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Comparison of right ventricle–pulmonary artery shunt position in the Single Ventricle Reconstruction trial

Open ArchivePublished:February 10, 2017DOI:https://doi.org/10.1016/j.jtcvs.2016.10.104

      Abstract

      Objective

      Placement of a right ventricle–pulmonary artery shunt to the left or right of the neoaorta may influence reinterventions, pulmonary artery development, and survival after the Norwood procedure because of differences in shunt and pulmonary artery geometry and blood flow.

      Methods

      We analyzed the Pediatric Heart Network Single Ventricle Reconstruction Trial public use dataset. Comparisons were made between patients who received a left- or right-sided right ventricle–pulmonary artery shunt during the Norwood procedure in both the overall (n = 274) and the propensity score–matched (67 pairs) patient cohorts.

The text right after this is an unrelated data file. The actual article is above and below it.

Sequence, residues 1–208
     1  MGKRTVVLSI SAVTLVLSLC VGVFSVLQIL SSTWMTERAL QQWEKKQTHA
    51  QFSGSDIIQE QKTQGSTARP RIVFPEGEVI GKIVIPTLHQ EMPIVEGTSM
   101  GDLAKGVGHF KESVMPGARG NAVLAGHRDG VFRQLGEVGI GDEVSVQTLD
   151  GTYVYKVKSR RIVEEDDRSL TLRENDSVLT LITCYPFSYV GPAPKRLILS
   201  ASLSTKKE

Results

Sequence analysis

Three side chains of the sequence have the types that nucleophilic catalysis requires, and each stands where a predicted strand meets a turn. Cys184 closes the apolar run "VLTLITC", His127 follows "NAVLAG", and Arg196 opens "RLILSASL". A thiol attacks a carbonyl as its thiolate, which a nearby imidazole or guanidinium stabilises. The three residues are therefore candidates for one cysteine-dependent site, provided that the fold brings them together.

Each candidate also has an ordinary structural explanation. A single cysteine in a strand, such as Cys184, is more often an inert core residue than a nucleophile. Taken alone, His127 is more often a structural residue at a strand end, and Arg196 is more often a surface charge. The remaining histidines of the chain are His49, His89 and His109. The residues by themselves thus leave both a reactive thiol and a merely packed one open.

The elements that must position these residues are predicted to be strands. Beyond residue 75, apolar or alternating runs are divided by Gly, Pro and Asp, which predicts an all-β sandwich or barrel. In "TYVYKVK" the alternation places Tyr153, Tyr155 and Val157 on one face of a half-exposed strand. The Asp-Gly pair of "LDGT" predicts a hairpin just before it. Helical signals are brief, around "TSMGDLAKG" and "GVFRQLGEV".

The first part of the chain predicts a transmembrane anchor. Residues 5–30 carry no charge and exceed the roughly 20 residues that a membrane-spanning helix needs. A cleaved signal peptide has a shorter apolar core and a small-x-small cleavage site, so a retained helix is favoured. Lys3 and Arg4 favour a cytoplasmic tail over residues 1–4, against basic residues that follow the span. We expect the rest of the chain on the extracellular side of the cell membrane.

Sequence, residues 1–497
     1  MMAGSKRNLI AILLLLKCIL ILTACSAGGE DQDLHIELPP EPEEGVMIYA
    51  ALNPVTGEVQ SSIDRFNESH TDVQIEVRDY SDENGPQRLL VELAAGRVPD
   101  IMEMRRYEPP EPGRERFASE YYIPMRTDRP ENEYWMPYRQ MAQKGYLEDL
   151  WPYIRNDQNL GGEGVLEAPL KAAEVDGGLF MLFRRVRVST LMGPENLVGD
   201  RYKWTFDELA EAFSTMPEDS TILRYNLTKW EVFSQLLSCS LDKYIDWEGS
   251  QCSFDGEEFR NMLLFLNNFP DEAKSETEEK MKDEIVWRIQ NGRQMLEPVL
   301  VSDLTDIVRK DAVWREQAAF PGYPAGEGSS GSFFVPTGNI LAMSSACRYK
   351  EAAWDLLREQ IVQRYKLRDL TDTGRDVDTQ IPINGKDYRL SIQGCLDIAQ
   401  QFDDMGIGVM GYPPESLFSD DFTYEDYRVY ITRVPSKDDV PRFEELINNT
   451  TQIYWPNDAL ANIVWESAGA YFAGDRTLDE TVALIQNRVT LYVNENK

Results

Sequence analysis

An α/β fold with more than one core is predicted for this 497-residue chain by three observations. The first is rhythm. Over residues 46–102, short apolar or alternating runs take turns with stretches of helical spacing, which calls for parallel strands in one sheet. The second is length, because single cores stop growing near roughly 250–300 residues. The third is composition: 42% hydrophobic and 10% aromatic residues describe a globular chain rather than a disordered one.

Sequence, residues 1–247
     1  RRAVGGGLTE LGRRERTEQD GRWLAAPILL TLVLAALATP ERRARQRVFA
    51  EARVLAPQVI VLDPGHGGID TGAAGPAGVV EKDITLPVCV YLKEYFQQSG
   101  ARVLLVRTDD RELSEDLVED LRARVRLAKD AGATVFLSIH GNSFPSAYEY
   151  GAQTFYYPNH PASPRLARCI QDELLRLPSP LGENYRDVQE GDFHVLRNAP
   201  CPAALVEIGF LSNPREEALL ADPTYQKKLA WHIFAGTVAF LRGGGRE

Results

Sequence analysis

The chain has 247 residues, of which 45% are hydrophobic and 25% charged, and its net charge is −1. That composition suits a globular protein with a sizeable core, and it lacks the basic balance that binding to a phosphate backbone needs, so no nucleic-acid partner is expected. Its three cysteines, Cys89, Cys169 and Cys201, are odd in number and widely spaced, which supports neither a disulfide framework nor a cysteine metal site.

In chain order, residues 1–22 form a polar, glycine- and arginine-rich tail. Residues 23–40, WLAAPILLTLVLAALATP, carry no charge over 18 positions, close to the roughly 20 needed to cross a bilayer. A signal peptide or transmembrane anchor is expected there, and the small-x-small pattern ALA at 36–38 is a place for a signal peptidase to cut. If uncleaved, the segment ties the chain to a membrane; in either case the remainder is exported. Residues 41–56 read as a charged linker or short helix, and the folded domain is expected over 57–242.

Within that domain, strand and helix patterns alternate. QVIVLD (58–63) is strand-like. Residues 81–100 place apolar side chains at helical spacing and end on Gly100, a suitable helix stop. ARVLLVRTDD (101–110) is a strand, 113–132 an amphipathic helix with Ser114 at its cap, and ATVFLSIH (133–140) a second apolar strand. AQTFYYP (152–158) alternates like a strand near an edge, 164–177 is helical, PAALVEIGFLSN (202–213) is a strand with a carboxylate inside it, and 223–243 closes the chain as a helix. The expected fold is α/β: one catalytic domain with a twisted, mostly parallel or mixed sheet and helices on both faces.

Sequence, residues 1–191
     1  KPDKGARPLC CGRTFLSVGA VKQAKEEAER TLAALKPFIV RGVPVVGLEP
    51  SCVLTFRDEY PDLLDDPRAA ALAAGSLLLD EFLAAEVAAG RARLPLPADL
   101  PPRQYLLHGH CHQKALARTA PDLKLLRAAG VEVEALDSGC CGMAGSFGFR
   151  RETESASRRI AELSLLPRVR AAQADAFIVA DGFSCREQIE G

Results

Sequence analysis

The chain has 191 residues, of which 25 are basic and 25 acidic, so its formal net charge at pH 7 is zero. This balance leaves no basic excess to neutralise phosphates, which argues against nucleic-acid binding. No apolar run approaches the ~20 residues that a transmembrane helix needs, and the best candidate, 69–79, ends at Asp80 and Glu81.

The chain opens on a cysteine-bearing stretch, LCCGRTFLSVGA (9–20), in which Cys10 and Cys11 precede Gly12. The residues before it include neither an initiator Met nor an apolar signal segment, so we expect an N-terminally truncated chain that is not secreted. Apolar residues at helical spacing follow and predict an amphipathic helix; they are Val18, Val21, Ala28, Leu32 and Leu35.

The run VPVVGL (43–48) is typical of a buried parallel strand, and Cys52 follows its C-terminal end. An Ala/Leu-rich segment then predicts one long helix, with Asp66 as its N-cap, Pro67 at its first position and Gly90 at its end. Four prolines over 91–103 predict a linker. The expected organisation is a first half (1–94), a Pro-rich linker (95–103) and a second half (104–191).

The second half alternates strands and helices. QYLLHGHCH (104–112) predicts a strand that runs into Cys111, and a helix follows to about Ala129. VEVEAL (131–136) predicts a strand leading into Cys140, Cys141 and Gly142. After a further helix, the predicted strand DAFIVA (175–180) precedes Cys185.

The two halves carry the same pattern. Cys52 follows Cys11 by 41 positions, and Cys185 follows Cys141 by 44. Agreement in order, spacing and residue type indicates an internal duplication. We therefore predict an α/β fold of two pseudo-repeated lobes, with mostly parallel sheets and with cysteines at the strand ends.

Results

      A left-sided shunt was placed in 168 patients (61%), and a right-sided shunt was placed in 106 patients (39%). At the 12-month follow-up, there were no differences in pulmonary artery measurements, hemodynamic measurements, or pulmonary artery reinterventions between shunt groups. However, the right-sided shunt was associated with fewer surgical shunt revisions in both the overall (8.3 vs 1.9 events per 100 infants, P = .05) and the propensity score–matched (17.9 vs 0 events per 100 infants, P < .001) patient cohorts. In the propensity score–matched cohort only, right-sided shunts were further associated with fewer serious adverse events (84 vs 46 events per 100 infants, P = .01) and improved transplantation-free survival at 3 years follow-up (61% [95% confidence interval, 48-72] vs 80% [95% confidence interval, 69-88], P = .04).

      Conclusions

      In the Single Ventricle Reconstruction trial, right ventricle–pulmonary artery shunt placement to the right of the neoaorta was associated with fewer shunt revisions and may contribute to improved outcomes in select patients.